While it is important to gain a healthy amount of weight during pregnancy, studies have shown that during pregnancy, obesity — when an individual's body mass index is 30 or higher — can have especially negative impacts for mothers. Now, new research suggests that is also harmful to babies. Findings from a new study even link obesity during pregnancy with birth defects.
The study, published by The BMJ, pulled from a large sampling of over 1 million women in order to observe the correlation, and potential causation, between weight during pregnancy and risk of birth defects. According to the study's findings, 3.4 percent of women who were classified as underweight or found to be within the healthy weight range during their pregnancies went on to give birth to babies with malformations. Of the women placed in the overweight group, 3.5 percent gave birth to babies with congenital defects.
Researchers then further divided women placed in the "obese" range into the three categories based on body mass index. The class 1 group, those who had BMIs between 30 and 45, had a 3.8 percent rate of babies with congenital defects. The rate of defects increased to 4.2 percent among the second obesity class, moms with BMIs between 35 and 40. Finally, in the obesity class 3 group, made up of mothers with BMI ratings of over 40, offspring had a 4.7 rate of birth defects.
There is good news for moms who struggle to maintain a healthy weight during their pregnancies. The new findings suggest that even small changes to BMI can positively impact the health of babies, easing a bit of the pressure to drop large amounts of weight while pregnant.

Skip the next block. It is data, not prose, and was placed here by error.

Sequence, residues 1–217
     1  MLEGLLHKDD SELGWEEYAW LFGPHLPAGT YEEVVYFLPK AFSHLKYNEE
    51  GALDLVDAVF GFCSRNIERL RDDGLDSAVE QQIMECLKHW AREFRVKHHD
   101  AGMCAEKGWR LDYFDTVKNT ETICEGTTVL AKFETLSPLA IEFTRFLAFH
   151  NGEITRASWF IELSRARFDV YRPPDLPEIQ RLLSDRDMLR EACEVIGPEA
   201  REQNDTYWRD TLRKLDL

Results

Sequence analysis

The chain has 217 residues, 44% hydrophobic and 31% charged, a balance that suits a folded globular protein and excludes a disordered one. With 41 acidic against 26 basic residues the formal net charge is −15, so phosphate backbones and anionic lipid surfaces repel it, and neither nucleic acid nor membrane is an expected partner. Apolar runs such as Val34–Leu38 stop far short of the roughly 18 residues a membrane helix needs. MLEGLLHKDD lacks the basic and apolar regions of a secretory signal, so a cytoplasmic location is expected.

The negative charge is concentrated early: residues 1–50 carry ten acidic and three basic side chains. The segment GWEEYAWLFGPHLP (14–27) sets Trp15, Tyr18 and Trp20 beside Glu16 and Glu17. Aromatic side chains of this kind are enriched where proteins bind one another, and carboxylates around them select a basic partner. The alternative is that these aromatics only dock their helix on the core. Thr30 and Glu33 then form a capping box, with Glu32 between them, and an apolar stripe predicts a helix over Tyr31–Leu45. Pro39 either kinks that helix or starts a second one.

This study is not the first to suggest a connection between being overweight during pregnancy and birth defect rates. The risk of spina bifida is twice as high for children of obese women as for those with mothers within a healthy weight range, according to a February 2009 study published in the Journal of the American Medical Association. Similarly, the risks of a baby having a cleft lip, heart defects, or hydrocephalus is substantially higher.
Being obese while pregnant has also been linked to a number of health risks for moms, many of which can complicate pregnancies: It can increase a woman's risk of contracting gestational diabetes, preeclampsia, and infection, and can also increase the risk of pregnancy loss or need for a c-section.
The recent findings on obesity and birth defects are further reason to consult your doctor while pregnant to best gauge what your goal weight-gain should be. Because when women continue to learn about the factors contributing to their fetus' health during pregnancy, they're empowered to make smarter decisions about their own health, too.